Apple World Wide Developer Conference
WWDC was one of the greatest weeks, and I am writing this post to help anyone going for the first time.
It's important to get a few things in order before the conference.
Accommodation. During the week of WWDC (and in general) SF accommodation is crazy expensive. If you can get an Airbnb somewhere near the Bart(SF train line) that is ideal, and you should be able to get into the city easy enough. Generally speaking, days start 8.30 am and go to around 5 pm. I arrived on the Saturday before WWDC, as it allowed me to get familiar with my surroundings.
Business Cards. WWDC is 50% learning (keynotes and workshops), and 50% networking. I think it's a nice touch to get physical business cards. Last year ('15) I got my cards from Moo.
This is the card that I got printed, feel free to use for inspiration.
Alternatively, some people made passbook business cards, which I think was kinda cool, but a little gimmicky and a lot less effective than business cards. My only other advice would be to make the cards generic enough to use at future events, and then get 300-500 printed.
Code. The workshops during WWDC is one of the rare chances you will ever get to have Apple Engineers sit down and go through the code with you. For some attendees, this is the only reason they go (as the Keynotes are recorded). I think there is a lot of value in taking one or two projects with some questions, or assistance that you would like. The engineers are amazing, and open to any level of skill.
If you were lucky enough to win a scholarship, on Sunday they usually have a day of orientation. This is a good opportunity to make some friends and meet some other scholarship winners. On the day, Apple brings in some important people (Tim Cook, Scott Forstall) to meet the winners, as well as loads of Apple Engineers to talk to.
Get up early, but not too early.
The first event for the WWDC is the Kickoff. This is where any new products/services will be announced, and is a big highlight for the week. Some people (crazy people) camp out all night, but personally, I think that this wrecks you for the week, and you will be forever trying to catch up on sleep. Last year I set an alarm for 5 am and ended up with some good seats (6-7 rows back). Waiting in the line is a fun part of the whole conference, and a great chance to meet people and network (I had two different people ask me to interview at their company).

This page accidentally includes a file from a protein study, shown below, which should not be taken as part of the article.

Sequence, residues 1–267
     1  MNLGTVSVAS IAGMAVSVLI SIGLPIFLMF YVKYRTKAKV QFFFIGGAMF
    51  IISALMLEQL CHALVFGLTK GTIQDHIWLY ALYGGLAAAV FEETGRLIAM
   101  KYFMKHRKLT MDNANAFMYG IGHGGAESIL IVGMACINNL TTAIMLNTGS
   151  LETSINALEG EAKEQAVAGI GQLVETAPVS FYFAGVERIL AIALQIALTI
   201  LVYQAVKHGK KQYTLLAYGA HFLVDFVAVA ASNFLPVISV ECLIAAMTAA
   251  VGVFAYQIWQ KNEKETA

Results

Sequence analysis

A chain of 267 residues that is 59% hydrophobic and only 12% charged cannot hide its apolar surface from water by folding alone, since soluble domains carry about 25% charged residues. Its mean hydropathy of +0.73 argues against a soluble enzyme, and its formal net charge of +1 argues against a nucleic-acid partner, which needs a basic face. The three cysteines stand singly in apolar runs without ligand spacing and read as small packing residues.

The Student Lounge The WWDC Scholarship winners are given their private area, that has some couches, food and drink and generally just a cool place to kick back, rest, and talk to fellow scholars. It's a great place as a base to go back to throughout the day. Due to the pace of the week, it is really important to keep hydrated and fuelled (food).
Plan. It's really important to plan your time at WWDC. There are many options at any time, and it's valuable to prioritize. During the week each morning, I would get to Moscone early, grab some breakfast and yummy odwalla mango juice then sit down with my iPhone and WWDC App and plan the day. I would schedule what keynotes that I wanted to see, what workshops (Design/UX ones fill up super fast), as well as my goals for the day (e.g. exchange five business cards).
Outside the Conference (21+)
Throughout the week companies around the Bay host some great parties, especially just for the WWDC attendees. Most of these are free, and once again are a great networking opportunity. Check out the neat app called WWDC Parties for a listing of what's on, and remember to register ASAP.
WWDC is amazing. I wish I was going again this year, and will ensure I go next year. It is very rare that you get to be at an event with 5000 other like minded engineers and developers, and it's crucial that you make the most of the opportunity. Network hard, listen and learn as much as possible. And have a great time at the Bash(Thursday night).